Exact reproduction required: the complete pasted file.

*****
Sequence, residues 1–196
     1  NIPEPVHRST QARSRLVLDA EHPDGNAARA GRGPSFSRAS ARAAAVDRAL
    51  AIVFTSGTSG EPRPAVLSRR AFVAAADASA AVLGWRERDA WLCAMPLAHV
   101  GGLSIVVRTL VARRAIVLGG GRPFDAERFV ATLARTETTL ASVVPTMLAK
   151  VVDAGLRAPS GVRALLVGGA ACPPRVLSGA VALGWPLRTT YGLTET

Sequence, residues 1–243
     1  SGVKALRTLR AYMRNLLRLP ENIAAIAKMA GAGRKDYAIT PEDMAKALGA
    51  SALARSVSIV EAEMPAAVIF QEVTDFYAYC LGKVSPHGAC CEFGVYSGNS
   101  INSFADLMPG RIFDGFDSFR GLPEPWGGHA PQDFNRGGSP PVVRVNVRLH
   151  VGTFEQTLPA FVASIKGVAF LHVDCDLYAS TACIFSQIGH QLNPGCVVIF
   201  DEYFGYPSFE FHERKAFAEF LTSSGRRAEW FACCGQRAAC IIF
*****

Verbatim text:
Sequence, residues 1–196
     1  NIPEPVHRST QARSRLVLDA EHPDGNAARA GRGPSFSRAS ARAAAVDRAL
    51  AIVFTSGTSG EPRPAVLSRR AFVAAADASA AVLGWRERDA WLCAMPLAHV
   101  GGLSIVVRTL VARRAIVLGG GRPFDAERFV ATLARTETTL ASVVPTMLAK
   151  VVDAGLRAPS GVRALLVGGA ACPPRVLSGA VALGWPLRTT YGLTET

Sequence, residues 1–243
     1  SGVKALRTLR AYMRNLLRLP ENIAAIAKMA GAGRKDYAIT PEDMAKALGA
    51  SALARSVSIV EAEMPAAVIF QEVTDFYAYC LGKVSPHGAC CEFGVYSGNS
   101  INSFADLMPG RIFDGFDSFR GLPEPWGGHA PQDFNRGGSP PVVRVNVRLH
   151  VGTFEQTLPA FVASIKGVAF LHVDCDLYAS TACIFSQIGH QLNPGCVVIF
   201  DEYFGYPSFE FHERKAFAEF LTSSGRRAEW FACCGQRAAC IIF